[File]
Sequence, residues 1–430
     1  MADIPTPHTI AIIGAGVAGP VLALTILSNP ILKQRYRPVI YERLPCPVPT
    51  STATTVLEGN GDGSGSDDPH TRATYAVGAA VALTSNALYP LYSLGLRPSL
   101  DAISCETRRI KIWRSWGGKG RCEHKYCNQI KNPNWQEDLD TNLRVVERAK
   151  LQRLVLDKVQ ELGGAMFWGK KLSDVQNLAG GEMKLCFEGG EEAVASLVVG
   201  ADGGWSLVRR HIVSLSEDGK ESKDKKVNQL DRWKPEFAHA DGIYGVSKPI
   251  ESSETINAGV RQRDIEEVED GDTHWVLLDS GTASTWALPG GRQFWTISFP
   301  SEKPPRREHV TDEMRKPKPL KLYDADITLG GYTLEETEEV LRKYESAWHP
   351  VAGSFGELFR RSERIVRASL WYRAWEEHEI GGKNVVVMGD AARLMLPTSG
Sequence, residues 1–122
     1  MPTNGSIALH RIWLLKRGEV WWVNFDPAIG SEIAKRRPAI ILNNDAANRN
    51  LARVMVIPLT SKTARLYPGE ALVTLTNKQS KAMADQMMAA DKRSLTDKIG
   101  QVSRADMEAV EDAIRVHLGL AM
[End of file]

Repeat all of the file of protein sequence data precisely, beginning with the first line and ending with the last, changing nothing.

Sequence, residues 1–430
     1  MADIPTPHTI AIIGAGVAGP VLALTILSNP ILKQRYRPVI YERLPCPVPT
    51  STATTVLEGN GDGSGSDDPH TRATYAVGAA VALTSNALYP LYSLGLRPSL
   101  DAISCETRRI KIWRSWGGKG RCEHKYCNQI KNPNWQEDLD TNLRVVERAK
   151  LQRLVLDKVQ ELGGAMFWGK KLSDVQNLAG GEMKLCFEGG EEAVASLVVG
   201  ADGGWSLVRR HIVSLSEDGK ESKDKKVNQL DRWKPEFAHA DGIYGVSKPI
   251  ESSETINAGV RQRDIEEVED GDTHWVLLDS GTASTWALPG GRQFWTISFP
   301  SEKPPRREHV TDEMRKPKPL KLYDADITLG GYTLEETEEV LRKYESAWHP
   351  VAGSFGELFR RSERIVRASL WYRAWEEHEI GGKNVVVMGD AARLMLPTSG
Sequence, residues 1–122
     1  MPTNGSIALH RIWLLKRGEV WWVNFDPAIG SEIAKRRPAI ILNNDAANRN
    51  LARVMVIPLT SKTARLYPGE ALVTLTNKQS KAMADQMMAA DKRSLTDKIG
   101  QVSRADMEAV EDAIRVHLGL AM